Wisconsin Supreme Court ‘Nuked The Lockdowns’

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The Supreme Court of Wisconsin declared that the head of the Department of Health Services broke the law with her stay-at-home order. Legislators and jurists across America should immediately follow suit to test the legality and constitutionality of their own state actions. ⁃ TN Editor

On Wednesday, the Wisconsin Supreme Court struck down a stay-at-home order issued by Department of Health Services Secretary-designate Andrea Palm in order to slow the spread of the coronavirus. While the court did not challenge the Emergency Declaration issued by Gov. Tony Evers (D-Wisc.), it ruled that Palm violated state law by not following proper rulemaking procedures that allow the Republican-dominated legislature some say in the issuing of such orders.

According to the Milwaukee Journal-Sentinel, the ruling strips coronavirus regulations so that “bars, restaurants and concert halls are allowed to reopen — unless local officials put in their own restrictions.”

“The Wisconsin Supreme Court just NUKED the lockdowns,” Donald Trump Jr. tweeted.

While the Journal-Sentinel claimed that the court “struck down Gov. Tony Evers’ order,” the very first line of the opinion, written by Chief Justice Patience Roggensack, contradicts this claim.

“This case is about the assertion of power by one unelected official, Andrea Palm, and her order to all people within Wisconsin to remain in their homes, not to travel and to close all businesses that she declares are not ‘essential’ in Emergency Order 28. Palm says that failure to obey Order 28 subjects the transgressor to imprisonment for 30 days, a $250 fine or both. This case is not about Governor Tony Evers’ Emergency Order or the powers of the Governor,” Roggensack argues.

According to the opinion, Palm “broke the law when she issued Emergency Order 28 after failing to follow emergency rule procedures,” and she “exceeded her authority by ordering everyone to stay home, closing all ‘non-essential’ businesses, prohibiting private gatherings of any number of people who are not part of a single household, and forbidding all ‘non-essential’ travel.”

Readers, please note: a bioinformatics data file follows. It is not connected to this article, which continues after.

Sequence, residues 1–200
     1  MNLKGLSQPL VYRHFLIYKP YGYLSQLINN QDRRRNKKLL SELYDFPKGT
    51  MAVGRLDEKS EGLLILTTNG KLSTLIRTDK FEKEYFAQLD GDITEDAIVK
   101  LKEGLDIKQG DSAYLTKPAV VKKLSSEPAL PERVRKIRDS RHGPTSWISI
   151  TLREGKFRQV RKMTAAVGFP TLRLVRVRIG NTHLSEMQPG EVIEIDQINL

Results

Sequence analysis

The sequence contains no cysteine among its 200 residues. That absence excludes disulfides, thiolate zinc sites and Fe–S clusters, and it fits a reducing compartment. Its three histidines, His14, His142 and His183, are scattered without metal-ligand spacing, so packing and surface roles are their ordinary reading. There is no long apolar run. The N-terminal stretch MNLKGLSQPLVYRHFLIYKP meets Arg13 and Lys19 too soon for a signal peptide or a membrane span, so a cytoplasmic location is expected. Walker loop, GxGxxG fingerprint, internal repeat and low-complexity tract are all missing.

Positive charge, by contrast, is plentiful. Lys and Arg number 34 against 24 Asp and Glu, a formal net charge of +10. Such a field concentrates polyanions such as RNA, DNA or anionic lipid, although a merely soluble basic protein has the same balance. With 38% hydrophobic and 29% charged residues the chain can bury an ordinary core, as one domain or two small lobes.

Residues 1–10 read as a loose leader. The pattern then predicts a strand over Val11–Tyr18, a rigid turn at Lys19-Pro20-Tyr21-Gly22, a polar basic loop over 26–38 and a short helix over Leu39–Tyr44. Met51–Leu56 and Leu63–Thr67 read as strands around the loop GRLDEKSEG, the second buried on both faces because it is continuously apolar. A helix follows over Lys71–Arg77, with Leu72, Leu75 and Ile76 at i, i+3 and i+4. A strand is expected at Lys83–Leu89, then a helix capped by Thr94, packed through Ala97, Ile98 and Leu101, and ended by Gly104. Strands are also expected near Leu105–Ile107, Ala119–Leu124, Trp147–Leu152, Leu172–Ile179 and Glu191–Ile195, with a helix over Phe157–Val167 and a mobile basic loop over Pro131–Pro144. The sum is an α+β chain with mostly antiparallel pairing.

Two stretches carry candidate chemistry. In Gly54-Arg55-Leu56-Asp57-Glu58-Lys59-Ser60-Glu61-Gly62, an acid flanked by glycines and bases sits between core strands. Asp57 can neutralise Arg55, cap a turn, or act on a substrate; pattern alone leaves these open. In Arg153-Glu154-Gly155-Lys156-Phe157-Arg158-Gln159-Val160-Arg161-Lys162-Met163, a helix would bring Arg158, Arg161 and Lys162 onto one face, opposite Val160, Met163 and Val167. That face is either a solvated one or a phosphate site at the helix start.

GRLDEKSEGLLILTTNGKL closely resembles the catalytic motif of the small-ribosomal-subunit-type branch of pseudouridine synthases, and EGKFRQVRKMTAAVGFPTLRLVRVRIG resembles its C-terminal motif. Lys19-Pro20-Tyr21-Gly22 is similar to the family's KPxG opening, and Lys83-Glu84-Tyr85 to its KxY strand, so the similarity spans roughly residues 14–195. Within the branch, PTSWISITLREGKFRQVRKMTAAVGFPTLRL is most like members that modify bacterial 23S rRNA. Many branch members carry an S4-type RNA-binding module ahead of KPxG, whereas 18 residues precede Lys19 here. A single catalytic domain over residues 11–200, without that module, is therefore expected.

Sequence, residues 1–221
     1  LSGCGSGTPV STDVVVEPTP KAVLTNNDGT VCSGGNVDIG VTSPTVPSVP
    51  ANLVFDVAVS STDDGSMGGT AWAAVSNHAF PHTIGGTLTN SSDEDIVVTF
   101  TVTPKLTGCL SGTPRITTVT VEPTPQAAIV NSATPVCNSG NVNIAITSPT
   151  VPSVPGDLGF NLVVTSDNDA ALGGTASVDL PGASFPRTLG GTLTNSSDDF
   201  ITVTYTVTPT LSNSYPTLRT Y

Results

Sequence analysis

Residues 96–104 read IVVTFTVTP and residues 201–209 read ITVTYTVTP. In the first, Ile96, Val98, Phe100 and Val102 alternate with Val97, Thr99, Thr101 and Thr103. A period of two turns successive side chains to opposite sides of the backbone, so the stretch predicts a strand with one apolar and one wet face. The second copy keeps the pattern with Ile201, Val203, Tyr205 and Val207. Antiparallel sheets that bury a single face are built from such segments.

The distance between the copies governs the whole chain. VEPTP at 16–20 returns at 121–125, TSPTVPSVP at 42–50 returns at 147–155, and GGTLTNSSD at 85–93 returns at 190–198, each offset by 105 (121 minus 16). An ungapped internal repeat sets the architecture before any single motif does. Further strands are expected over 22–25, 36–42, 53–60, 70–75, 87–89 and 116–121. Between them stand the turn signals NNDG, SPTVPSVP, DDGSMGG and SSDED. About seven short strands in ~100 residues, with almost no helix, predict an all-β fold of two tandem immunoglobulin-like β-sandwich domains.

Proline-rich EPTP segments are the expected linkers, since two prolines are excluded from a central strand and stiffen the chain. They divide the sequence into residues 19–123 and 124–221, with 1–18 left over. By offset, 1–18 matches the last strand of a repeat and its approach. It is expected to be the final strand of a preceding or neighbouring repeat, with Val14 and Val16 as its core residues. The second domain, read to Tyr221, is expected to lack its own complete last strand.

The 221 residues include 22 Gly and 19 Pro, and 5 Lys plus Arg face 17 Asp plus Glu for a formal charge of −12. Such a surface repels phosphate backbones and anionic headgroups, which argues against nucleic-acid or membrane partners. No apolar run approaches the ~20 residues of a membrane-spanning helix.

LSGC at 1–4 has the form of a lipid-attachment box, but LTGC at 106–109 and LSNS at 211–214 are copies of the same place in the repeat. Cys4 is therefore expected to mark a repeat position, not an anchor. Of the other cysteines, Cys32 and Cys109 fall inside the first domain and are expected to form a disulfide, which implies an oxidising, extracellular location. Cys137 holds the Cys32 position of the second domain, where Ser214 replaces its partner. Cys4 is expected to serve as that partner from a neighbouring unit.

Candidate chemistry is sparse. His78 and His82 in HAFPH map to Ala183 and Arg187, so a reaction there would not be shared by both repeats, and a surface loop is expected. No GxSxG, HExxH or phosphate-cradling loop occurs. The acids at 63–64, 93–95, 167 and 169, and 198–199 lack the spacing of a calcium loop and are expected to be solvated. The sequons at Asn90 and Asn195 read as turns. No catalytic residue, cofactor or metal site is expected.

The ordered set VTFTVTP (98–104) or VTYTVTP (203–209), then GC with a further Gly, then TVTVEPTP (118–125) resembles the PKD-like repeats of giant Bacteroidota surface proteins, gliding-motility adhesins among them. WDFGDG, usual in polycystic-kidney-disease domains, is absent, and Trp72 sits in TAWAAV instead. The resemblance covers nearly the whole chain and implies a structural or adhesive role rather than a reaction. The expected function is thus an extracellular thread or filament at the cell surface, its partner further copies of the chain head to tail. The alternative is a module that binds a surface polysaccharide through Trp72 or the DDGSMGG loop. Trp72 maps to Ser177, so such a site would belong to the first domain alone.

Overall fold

Importantly, Roggensack adds, “We do not conclude that Palm was without any power to act in the face of this pandemic. However, Palm must follow the law that is applicable to state-wide emergencies.” By refusing to do so, she impinged upon the Legislature’s constitutional core power and its functions.” Under Palm’s interpretation, “an elected official could create law applicable to all people during the course of COVID-19 and subject people to imprisonment when they disobeyed her order.”

Republican lawmakers brought the suit in order to have a seat at the table when it comes to coronavirus restrictions.

Four of the Wisconsin Supreme Court’s five conservatives ruled against Palm: Roggensack and Justices Rebecca Bradley, Daniel Kelly, and Anette Ziegler. The fifth conservative, Brian Hagedorn, wrote a dissent joined by two liberals, Ann Walsh Bradley and Rebecca Dallet.

Hagedorn argued that Wisconsin state law allows the governor’s designate to have this authority. “The legislature may have buyer’s remorse for the breadth of discretion it gave to DHS in (state law). But those are the laws it drafted; we must read them faithfully whether we like them or not.” In 1981, amid the HIV and AIDS epidemic, the legislature gave DHS the power to issue orders.

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